When I set out to explore this palace of a Bavarian king, finding a this elaborate "kiosk" was the last thing I imagined discovering while walking about the grounds! Built in Moorish Arabica style by an architect of Karl von Diebitisch of Berlin for the 1867 International Exhibition and bought by a German railroad magnate Henry Strousberg. Following the Exhibition, the structure was up for auction and King Ludwig could not out bid Strousberg. However, after some time had passed, Strousberg had a few misfortunes and went into bankruptcy, not any bit suspicious on Ludwig's part in my opinion, and then the King finally was able to move this mysterious piece into his garden collection.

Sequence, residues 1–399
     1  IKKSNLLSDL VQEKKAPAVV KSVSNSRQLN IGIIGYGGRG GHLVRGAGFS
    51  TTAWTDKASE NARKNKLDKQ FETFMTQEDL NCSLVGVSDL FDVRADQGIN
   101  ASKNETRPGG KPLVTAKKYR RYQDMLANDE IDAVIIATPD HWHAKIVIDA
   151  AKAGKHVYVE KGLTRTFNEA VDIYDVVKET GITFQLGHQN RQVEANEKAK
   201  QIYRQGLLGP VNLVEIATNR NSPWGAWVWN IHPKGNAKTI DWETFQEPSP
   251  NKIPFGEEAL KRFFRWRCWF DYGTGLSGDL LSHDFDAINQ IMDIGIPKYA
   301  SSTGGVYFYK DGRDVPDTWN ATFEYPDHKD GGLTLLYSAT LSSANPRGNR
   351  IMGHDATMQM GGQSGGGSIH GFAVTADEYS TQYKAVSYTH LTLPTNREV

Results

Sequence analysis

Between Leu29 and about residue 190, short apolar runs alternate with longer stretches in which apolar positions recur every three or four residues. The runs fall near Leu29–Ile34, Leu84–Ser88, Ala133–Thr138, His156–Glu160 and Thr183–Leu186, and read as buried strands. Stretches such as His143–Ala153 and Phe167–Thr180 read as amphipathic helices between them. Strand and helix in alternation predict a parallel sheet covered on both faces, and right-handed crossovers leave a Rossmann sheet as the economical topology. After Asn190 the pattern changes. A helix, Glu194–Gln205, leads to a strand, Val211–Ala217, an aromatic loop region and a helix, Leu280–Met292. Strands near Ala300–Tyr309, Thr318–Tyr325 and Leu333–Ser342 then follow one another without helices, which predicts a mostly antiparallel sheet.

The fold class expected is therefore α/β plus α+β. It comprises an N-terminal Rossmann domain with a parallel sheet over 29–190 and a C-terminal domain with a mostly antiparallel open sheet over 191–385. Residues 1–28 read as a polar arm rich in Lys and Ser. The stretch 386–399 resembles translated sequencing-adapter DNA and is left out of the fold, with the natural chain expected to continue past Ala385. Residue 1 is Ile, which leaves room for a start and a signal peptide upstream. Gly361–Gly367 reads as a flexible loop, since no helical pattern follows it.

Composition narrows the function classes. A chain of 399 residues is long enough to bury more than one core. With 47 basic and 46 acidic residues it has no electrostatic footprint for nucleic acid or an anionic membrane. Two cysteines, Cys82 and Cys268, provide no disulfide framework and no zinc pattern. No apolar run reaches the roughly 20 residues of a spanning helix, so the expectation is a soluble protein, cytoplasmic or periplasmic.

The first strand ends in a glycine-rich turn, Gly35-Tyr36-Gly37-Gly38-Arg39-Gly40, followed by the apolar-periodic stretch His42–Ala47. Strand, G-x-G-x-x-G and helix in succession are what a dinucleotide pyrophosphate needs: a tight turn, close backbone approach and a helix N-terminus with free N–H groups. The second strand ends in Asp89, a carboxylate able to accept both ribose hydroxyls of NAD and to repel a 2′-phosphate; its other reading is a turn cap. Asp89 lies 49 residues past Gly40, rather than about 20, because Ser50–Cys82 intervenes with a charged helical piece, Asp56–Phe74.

The sheer detail within every inch of this structure was incredible. The fact that it had been built in Berlin, moved to Paris for the Exhibition, then back to Germany only to be moved two more times until the final placement at Linderhof, and still is in remarkable condition to this day! As a collection of various pieces, one of the most impressive is the Peacock Throne, which can be seen in the top right picture. When I asked the curator what the value of the throne itself was, she responded with "Priceless... along with a few million Euro and a first born son." Needless to say, this beautiful piece of art is unique in style and striking in the colors that the thousands of pieces of stained glass give the gilded room endless mystery and admiration as do the mountains that stand high over the gardens of Linderhof.
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